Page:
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Re: [PATCH] Canonical types (1/3)
- From: Ian Lance Taylor <iant at google dot com>
- To: "Doug Gregor" <doug dot gregor at gmail dot com>
- Cc: "GCC Patches" <gcc-patches at gcc dot gnu dot org>
- Date: 28 Nov 2006 08:43:00 -0800
- Subject: Re: [PATCH] Canonical types (1/3)
- References: <firstname.lastname@example.org>
[ Dropping gcc@, this is appropriate for gcc-patches@ ]
"Doug Gregor" <email@example.com> writes:
> This patch introduces canonical types into GCC, which allow us to
> compare two types very efficiently and results in an overall
> compile-time performance improvement. I have been seeing 3-5%
> improvements in compile time on the G++ and libstdc++ test suites,
> 5-10% on template-heavy (but realistic) code in Boost, and up to 85%
> improvement for extremely template-heavy metaprogramming.
Thanks for doing this work!
Your compile time measurements are impressive. I am curious, though:
have you done any measurements of memory usage, e.g., -fmem-report?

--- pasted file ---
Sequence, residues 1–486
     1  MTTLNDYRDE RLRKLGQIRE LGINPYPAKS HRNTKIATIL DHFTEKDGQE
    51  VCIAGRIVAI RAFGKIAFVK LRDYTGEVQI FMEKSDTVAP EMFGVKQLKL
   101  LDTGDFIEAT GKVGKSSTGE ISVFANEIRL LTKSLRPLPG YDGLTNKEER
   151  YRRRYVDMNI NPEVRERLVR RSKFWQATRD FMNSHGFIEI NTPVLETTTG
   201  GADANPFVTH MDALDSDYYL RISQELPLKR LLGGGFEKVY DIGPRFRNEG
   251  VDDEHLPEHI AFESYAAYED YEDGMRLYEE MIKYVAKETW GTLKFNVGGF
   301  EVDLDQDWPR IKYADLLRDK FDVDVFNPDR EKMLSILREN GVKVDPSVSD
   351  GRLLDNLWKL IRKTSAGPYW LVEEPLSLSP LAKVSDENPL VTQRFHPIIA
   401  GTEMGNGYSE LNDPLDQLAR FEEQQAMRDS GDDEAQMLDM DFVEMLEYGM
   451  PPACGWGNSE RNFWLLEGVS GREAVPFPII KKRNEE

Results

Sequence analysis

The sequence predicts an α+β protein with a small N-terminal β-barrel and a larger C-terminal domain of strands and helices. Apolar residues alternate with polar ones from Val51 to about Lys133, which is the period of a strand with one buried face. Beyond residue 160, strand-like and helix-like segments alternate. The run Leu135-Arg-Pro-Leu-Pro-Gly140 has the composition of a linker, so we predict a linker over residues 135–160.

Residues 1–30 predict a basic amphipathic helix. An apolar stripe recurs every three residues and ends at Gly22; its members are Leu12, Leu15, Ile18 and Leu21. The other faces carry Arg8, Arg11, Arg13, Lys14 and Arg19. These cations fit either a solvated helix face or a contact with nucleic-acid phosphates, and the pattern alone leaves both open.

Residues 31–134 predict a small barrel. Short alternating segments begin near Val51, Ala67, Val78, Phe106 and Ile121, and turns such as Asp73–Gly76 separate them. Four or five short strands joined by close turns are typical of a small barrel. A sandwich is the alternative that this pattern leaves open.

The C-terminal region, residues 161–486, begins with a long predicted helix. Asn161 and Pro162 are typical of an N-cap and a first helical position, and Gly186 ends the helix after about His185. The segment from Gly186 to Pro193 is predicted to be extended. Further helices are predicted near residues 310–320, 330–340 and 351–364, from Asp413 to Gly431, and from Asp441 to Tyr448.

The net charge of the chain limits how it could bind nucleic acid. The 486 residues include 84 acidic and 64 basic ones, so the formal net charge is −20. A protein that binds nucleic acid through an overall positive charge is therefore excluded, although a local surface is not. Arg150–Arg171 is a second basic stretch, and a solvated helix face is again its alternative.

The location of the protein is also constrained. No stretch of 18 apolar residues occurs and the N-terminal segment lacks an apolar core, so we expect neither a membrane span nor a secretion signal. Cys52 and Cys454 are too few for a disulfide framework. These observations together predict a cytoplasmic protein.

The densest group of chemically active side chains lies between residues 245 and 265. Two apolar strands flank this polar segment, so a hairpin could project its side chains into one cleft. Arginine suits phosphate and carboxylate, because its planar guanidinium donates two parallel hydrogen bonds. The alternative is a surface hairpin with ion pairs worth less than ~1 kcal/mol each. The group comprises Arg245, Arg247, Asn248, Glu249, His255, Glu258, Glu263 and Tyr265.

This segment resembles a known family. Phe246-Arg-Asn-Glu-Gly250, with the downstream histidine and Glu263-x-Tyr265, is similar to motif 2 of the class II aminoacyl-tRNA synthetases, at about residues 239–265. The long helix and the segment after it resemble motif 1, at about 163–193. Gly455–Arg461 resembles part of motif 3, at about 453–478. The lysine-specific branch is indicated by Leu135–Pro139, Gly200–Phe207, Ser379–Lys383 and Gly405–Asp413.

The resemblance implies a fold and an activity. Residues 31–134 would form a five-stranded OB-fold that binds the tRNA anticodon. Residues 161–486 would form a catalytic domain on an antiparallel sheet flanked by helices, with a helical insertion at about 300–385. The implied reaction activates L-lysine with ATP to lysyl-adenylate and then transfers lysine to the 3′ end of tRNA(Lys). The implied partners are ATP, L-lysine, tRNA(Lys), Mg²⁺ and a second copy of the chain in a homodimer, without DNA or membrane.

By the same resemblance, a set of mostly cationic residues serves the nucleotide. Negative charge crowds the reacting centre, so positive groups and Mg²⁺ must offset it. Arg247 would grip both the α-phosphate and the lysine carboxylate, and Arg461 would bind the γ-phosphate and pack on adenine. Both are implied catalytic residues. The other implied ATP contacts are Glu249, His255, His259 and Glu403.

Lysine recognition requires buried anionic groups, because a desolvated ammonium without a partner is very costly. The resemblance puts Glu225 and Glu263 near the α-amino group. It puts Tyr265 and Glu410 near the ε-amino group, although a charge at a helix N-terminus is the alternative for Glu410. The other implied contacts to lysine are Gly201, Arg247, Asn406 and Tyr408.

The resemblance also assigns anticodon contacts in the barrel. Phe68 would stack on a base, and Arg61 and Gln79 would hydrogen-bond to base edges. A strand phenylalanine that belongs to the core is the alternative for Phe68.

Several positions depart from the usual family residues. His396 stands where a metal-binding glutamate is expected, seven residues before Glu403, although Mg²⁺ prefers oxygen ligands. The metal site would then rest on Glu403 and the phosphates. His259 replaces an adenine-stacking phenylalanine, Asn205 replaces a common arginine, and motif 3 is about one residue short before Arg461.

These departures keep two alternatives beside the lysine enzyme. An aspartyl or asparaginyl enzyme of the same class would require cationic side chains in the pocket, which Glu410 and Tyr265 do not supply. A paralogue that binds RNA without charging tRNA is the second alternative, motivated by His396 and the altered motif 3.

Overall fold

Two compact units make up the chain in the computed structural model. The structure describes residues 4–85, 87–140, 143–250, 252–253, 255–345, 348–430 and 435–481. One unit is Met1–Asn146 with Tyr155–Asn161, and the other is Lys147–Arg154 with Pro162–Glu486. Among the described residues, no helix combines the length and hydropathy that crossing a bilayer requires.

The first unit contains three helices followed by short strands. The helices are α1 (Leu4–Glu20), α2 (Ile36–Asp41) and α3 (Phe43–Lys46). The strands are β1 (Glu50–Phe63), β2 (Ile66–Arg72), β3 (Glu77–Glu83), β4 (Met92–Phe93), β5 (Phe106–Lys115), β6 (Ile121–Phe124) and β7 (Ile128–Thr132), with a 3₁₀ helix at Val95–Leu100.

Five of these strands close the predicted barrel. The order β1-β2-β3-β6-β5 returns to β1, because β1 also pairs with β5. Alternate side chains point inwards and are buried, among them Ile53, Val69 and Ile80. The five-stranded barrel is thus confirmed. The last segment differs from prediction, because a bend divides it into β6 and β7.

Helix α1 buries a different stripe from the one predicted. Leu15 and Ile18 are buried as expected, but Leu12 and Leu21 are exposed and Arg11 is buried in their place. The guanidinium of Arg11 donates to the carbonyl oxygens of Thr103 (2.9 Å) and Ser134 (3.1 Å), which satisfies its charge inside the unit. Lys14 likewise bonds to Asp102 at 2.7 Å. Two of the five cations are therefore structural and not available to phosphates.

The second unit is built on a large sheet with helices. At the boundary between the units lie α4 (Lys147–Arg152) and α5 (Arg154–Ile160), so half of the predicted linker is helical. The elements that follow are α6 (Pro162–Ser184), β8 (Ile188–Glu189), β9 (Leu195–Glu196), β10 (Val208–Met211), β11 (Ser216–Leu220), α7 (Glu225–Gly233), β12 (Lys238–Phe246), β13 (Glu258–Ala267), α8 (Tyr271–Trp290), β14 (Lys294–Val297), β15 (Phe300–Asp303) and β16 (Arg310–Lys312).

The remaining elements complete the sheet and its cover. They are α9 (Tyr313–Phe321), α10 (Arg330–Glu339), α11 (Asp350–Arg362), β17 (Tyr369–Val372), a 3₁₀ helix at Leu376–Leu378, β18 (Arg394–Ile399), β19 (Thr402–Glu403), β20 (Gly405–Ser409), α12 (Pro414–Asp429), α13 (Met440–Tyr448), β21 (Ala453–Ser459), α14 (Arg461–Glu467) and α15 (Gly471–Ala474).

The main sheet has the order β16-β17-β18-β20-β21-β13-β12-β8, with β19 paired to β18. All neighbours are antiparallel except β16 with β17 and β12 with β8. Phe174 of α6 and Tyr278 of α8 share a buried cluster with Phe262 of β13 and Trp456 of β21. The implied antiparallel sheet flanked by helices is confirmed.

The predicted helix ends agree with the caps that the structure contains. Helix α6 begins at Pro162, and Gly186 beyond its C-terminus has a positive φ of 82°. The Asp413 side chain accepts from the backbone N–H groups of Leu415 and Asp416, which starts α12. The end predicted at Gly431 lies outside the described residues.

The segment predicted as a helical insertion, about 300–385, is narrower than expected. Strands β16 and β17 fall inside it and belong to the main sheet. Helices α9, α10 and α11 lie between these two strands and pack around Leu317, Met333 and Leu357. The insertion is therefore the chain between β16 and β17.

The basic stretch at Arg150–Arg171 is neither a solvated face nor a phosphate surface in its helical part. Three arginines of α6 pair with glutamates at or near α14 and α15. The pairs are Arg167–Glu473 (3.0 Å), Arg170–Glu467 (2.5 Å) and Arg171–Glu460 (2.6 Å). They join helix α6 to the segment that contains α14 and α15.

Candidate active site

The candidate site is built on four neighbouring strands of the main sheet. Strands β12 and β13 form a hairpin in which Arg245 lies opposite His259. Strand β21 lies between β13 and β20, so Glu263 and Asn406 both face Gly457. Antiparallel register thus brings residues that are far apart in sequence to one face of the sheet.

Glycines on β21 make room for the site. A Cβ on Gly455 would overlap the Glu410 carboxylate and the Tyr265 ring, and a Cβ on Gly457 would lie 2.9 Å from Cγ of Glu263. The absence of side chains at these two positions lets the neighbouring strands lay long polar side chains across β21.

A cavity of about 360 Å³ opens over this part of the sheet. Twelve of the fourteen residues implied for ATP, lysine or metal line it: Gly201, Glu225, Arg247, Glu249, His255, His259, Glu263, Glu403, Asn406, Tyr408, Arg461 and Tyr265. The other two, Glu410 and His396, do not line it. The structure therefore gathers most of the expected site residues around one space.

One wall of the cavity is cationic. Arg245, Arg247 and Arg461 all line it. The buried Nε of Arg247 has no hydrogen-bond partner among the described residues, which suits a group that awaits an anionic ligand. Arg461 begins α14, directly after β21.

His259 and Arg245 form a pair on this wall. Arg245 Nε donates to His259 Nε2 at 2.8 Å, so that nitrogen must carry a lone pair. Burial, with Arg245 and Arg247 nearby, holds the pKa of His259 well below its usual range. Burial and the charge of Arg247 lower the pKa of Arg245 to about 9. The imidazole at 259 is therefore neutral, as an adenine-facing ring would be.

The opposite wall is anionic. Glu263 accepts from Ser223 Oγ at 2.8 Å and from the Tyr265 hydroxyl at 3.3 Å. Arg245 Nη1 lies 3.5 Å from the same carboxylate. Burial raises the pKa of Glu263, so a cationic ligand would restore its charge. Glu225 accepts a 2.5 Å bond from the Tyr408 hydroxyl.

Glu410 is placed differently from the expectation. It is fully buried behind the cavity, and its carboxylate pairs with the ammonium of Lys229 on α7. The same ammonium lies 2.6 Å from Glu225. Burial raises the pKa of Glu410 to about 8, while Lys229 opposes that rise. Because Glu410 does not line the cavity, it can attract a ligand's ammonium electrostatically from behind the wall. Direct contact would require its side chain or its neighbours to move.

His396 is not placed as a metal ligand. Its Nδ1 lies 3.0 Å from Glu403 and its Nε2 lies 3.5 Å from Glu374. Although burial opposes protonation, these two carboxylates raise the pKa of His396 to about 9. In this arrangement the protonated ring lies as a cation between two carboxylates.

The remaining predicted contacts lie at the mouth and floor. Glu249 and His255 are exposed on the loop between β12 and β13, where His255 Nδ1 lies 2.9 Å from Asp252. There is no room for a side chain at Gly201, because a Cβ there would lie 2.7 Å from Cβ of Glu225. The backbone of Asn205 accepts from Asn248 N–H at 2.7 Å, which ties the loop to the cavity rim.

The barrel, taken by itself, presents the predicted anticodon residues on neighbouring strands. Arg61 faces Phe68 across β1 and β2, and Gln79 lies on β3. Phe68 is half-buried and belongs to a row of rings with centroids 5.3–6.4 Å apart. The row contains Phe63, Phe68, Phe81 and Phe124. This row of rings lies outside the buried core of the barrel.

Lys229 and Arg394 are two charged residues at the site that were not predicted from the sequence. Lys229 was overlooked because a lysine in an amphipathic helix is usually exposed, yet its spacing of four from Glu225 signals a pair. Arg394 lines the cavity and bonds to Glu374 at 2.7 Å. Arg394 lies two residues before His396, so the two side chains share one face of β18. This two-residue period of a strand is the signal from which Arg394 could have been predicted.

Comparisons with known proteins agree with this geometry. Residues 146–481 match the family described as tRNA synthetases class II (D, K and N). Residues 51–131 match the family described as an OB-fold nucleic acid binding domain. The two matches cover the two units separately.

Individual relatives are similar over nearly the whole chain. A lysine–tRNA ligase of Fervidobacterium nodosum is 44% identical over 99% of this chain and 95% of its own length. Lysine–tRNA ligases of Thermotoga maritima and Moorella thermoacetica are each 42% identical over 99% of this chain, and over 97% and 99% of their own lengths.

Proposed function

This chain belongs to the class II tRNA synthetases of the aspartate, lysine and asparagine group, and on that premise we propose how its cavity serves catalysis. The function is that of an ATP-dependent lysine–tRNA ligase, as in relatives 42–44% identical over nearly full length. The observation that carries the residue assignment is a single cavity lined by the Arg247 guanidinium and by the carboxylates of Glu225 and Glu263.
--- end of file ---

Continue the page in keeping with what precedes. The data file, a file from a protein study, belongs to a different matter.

When I look at the patch that you have changed various calls to
build_variant_type_copy to then set TYPE_CANONICAL. Why not simply
set TYPE_CANONICAL in build_variant_type_copy?
> There is some danger in introducing canonical types: if we fail to
> canonicalize properly, types won't compare equal when they should, and
> we'll break code. To mitigate this problem, I have added a flags
> -f(no-)check-canonical-types. When enabled, GCC will check the
> canonical types against the structural types; where they differ, it
> will print a warning and use the structural information. When
> disabled, we only use canonical types... and get better compile-time
> performance. Canonical type checking is disabled by default for normal
> builds, enabled by default when --enable-checking is present. Note,
> however, that this flag is temporary: after a major release or two,
> when we're sure that we have our canonical type system, we can
> eliminate it.
This is a very minor point, but I wonder if this flag should have a
different name. As far as I know we don't currently have any -f flags
which are strictly for compiler developers. We usually put those in
-d or --param.